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How do we actually visualize the effect of two fields interacting in the same region of space?

If fields are just mathematical formulations to explain things that have no physical meaning, how are field interactions formulated and studied theoretically that can explain practical observations?

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closed as unclear what you're asking by knzhou, AccidentalFourierTransform, user191954, John Rennie, ZeroTheHero Oct 28 '18 at 19:58

Please clarify your specific problem or add additional details to highlight exactly what you need. As it's currently written, it’s hard to tell exactly what you're asking. See the How to Ask page for help clarifying this question. If this question can be reworded to fit the rules in the help center, please edit the question.

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    $\begingroup$ what does it mean for a field to exist (physically)? absolutely nothing, they are logical constructs to help us infer the outcome of some experiment without actually carrying it out (otherwise why bother) $\endgroup$ – Adam Oct 27 '18 at 21:46
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    $\begingroup$ Related question: "What are quantum fields mathematically?. What category of answer do you prefer: "Unified Field Theory", was Wikipedia's "Fields" consulted. $\endgroup$ – Rob Oct 28 '18 at 0:30
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The concept of fields is the concept of assigning numbers to every instance of time and to every point in space. Think of temperature. You can assign a temperature value to every point in space whenever you like by going there and measuring the temperature with your favourite temperature probe. Now consider another field: wind speed. This is a vector field, i.e. it consists of 3 numbers corresponding to direction and magnitude. Clearly, both fields interact since wind can carry away heat energy or transport colder air to a given place. You can now start to reason about whether or not the temperature and wind fields are real or in fact made up by different entities like particles (or again fields). What is irrefutable is the description of a physical phenomenon, wind and temperature, and their interactions. Whether this is the most fundamental one, you can never know.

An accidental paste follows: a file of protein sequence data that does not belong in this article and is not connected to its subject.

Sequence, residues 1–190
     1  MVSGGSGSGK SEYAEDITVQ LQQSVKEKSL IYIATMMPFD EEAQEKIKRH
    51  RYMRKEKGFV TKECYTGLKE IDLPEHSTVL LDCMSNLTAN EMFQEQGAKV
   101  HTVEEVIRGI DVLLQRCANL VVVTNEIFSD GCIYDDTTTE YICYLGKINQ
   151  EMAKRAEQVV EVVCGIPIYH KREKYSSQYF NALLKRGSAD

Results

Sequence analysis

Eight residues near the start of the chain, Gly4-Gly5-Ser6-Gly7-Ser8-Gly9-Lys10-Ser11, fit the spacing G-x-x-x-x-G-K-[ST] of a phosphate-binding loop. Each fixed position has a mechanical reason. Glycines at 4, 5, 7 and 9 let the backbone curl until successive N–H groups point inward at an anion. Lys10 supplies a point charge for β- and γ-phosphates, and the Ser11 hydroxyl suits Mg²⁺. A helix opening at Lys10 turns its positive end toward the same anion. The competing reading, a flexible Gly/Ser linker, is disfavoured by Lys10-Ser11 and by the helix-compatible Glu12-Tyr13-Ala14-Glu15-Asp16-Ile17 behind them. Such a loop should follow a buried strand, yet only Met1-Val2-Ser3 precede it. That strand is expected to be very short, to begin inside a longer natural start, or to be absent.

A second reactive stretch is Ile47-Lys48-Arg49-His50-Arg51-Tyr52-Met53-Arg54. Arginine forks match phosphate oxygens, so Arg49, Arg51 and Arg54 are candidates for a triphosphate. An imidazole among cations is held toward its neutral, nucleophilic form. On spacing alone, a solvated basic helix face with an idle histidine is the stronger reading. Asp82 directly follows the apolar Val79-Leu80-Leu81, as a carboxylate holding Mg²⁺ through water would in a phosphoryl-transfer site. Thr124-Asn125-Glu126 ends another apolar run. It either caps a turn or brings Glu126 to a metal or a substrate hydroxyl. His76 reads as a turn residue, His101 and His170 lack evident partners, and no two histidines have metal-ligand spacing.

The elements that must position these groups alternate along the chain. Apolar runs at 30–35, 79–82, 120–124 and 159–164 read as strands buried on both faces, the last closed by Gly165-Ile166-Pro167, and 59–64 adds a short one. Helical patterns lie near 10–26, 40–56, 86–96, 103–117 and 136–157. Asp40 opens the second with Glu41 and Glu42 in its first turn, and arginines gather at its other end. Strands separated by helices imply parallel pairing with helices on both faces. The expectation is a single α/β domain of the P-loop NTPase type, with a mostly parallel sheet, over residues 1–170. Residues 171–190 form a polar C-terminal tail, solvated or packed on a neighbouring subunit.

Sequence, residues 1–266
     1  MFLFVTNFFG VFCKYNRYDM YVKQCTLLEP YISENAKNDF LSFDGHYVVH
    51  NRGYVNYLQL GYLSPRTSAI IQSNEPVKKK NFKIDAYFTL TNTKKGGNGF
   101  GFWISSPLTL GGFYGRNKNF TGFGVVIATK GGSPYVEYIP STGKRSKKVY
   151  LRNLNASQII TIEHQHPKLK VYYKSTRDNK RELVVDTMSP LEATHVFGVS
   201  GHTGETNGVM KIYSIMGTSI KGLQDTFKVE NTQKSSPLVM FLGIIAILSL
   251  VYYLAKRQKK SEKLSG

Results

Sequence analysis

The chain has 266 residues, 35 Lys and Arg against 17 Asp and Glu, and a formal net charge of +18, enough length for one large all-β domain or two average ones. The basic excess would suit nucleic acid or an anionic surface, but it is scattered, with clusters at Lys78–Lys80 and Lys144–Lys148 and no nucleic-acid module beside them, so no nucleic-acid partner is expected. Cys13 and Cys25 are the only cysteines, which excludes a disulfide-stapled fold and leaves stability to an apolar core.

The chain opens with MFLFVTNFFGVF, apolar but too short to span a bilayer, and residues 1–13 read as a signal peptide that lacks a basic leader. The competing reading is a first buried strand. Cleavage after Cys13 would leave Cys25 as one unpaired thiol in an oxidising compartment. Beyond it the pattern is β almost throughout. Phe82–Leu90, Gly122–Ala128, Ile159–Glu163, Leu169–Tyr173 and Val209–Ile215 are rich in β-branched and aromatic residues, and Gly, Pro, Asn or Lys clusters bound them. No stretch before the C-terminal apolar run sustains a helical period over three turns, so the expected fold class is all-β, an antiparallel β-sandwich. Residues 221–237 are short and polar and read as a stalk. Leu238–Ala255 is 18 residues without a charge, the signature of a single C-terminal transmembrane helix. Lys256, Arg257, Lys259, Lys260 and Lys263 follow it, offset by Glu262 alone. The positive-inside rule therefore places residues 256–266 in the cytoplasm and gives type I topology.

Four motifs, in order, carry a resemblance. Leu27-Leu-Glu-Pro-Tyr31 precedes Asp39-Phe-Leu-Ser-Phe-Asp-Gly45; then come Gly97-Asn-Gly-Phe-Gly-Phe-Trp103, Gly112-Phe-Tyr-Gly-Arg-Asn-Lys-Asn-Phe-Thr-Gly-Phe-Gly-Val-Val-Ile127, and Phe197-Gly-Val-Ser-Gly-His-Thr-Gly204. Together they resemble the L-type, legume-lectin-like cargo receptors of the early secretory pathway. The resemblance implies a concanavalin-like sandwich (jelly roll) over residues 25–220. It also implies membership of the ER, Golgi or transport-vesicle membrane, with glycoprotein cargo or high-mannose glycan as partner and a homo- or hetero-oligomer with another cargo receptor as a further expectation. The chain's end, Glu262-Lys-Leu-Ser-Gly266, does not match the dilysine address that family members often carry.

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First you suggest fields are somewhere specific, raising the question of how they can share locations. Then you suggest fields don't describe real physics, raising the question of how they can exhibit cause and effect. Neither way of thinking about fields is right. They're functions, and each has a value everywhere. Just as $x^2$ doesn't have a location, nor does $A_\mu$; just as $f^2+g^2=1,\,f=g'$ constrain two functions, so field equations constrain the functions we call fields.

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Good question.

Almost all practical and scientific progress in high energy physics in the last decades has been related to lattice regularization of field theories.

(If you have access to it, see Kogut's article)

Not only has this direction brought about genuine accurate predictions in high energy physics but it provides an intuitive connection to statistical mechanics via the Feynman path integral. In this framework fields live on sites, links, etc... of a space-time lattice. Interactions can be seen with your eyes plain as day in terms like: $\phi^{\dagger}_{x} U_{x, \mu} \phi_{x+\mu}$, which shows an interaction between two fields on neighboring sites ($\phi_{x}$ and $\phi_{x+\mu}$) via a gauge field on the connecting link ($U_{x,\mu}$).

I would say if you are interested in making contact with reality in field theory to look into ``lattice field theory'' and start reading papers from the late '70s.

As for whether such a model has ``no physical meaning'', this is a question of philosophy, and you can ask it on SE philosophy, but keep in mind the practical quality of holding a belief that your successful model is actually a reflection of reality: you gain intuition about how the natural world interacts and behaves and as such you may be able to even improve your understanding and make progress in explaining un-explained phenomena.

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